Friday, September 25, 2015
The Rules Do Not Apply To Jerry Moran
As we are all aware, Pope Francis is in the United States, and visited Washington, DC yesterday. As only a few of us are aware, taking pictures is against the rules in the Senate Chamber on the house floor is prohibited. According to Rule IV of the Senate, it is unbecoming decorum for a representative to snap photographs there. In 1963, the rule was suspended in order to obtain the very first official picture of the United States Senate in session. Later, that same year, National Geographic requested permission to take a picture there. But guess who began snapping photos while the Pope Francis addressed the Senate, without bothering to request permission? If you guessed Jerry Moran, R-Kansas, you guessed correctly. Mr. Moran, like many other Kansas Republicans, is possessed of an idea that rules and laws that apply to others do not apply to him. Others followed the unprofessional example he set, but Moran was first to determine that senate rules are not really meant to be followed.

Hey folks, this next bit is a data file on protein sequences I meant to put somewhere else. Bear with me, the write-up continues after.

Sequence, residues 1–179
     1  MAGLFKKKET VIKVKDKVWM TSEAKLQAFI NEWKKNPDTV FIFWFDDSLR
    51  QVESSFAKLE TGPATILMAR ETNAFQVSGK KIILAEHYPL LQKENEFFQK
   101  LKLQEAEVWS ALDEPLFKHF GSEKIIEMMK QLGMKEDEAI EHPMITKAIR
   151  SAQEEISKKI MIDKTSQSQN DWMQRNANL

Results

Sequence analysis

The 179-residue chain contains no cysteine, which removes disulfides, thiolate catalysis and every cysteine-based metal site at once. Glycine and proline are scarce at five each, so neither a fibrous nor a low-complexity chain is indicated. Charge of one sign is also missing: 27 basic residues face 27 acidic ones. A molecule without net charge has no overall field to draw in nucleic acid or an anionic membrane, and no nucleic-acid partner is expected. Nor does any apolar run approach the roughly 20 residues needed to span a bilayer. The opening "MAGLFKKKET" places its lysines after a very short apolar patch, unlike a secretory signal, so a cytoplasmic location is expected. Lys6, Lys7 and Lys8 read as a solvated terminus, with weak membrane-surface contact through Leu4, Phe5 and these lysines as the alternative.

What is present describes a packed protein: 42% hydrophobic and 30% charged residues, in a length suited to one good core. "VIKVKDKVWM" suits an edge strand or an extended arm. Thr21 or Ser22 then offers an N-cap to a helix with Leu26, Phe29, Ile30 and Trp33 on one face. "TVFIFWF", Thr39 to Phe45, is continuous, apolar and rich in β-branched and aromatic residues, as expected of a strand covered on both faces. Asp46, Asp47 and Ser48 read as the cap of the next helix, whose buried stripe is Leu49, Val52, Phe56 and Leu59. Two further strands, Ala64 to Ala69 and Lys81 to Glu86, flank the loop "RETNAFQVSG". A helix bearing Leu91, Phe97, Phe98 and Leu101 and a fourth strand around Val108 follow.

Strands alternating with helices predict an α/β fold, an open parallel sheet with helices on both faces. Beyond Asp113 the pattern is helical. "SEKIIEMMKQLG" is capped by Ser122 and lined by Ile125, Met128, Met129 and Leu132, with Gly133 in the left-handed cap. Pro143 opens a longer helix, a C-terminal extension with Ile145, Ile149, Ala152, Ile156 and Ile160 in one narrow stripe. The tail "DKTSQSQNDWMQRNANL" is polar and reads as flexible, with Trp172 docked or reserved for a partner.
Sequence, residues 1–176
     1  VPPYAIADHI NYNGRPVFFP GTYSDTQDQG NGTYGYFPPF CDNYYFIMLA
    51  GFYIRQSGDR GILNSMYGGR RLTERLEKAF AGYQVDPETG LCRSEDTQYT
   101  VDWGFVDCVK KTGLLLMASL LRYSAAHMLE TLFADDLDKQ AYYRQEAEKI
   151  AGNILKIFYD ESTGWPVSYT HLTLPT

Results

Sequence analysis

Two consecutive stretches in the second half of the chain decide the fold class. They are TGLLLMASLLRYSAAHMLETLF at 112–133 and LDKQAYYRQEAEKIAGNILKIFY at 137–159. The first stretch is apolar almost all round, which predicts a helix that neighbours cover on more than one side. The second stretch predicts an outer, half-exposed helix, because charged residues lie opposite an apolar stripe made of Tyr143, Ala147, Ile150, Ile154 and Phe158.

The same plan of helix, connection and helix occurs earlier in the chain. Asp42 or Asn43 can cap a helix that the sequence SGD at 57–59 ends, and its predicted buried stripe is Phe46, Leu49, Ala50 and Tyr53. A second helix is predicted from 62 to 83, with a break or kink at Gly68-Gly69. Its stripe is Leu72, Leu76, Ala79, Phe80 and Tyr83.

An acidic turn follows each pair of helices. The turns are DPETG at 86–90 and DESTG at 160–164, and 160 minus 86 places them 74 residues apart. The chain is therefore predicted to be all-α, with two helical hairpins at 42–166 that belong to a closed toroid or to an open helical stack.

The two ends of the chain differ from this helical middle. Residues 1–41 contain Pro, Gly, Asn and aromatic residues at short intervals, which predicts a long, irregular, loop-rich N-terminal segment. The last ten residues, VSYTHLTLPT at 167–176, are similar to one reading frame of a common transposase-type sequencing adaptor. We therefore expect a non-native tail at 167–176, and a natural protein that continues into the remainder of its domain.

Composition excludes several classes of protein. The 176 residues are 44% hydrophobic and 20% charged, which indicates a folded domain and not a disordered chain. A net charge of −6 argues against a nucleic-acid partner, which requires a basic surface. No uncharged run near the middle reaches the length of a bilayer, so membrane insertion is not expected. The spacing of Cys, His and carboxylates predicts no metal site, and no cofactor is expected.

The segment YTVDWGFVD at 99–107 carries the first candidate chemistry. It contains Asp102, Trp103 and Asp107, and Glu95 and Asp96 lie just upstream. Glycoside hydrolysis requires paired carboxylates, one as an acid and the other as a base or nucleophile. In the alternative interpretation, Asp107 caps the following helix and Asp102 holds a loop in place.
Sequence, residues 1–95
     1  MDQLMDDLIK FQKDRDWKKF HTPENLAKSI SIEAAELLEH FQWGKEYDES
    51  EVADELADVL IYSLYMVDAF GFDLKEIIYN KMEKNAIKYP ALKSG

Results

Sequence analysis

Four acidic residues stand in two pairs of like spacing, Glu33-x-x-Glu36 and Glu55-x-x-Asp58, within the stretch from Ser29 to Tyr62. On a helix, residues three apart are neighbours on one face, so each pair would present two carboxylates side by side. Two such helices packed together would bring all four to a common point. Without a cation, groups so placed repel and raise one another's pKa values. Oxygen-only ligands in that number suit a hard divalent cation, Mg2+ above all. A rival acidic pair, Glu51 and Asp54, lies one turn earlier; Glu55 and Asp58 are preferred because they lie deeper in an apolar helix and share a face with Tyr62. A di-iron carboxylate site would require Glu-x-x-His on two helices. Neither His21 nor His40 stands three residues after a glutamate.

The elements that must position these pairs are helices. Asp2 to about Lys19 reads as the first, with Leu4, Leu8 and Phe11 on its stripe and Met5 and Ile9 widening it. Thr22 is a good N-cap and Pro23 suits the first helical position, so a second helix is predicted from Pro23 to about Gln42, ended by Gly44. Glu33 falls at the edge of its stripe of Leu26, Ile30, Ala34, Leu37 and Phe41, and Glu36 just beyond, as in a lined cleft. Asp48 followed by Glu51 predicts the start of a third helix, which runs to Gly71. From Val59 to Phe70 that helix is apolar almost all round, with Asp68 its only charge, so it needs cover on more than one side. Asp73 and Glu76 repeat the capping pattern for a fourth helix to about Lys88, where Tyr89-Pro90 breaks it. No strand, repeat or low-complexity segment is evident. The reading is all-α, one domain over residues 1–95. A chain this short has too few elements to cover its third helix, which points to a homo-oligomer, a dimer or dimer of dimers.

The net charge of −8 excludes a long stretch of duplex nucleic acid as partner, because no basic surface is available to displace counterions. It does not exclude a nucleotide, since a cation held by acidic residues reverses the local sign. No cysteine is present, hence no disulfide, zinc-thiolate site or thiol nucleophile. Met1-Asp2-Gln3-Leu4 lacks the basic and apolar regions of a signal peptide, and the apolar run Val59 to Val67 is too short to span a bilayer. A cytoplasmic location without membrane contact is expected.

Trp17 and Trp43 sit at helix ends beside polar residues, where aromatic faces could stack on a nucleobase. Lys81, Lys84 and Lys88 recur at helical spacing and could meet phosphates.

When this rule was first made, the internet and social media did not exist. It was merely considered rude and distracting to take pictures while members of the house were speaking, listening, or taking notes. Now that we have digital photography, mobile phones, and social media, it is not only rude to snap pictures in certain places, particularly using flash; there are other considerations. In 1981, Pope John Paul II was almost assassinated. Suppose someone with a motive to harm any person in that building had been lurking near all of the hoopla yesterday? Jerry Moran's pictures of the Pope, where he was standing, and the entire building; and his immediate uploads of the same to Twitter could have given the wrong person a perfect opportunity to "case" the perimeter and determine the exact position of every person on the floor. In essence, Jerry Moran could easily have contributed to an assassination attempt or a murder by not following the rules. But then, Moran does not appear to think that rules are important. Did he actually have an ulterior motive, or was he just setting a bad example for fun?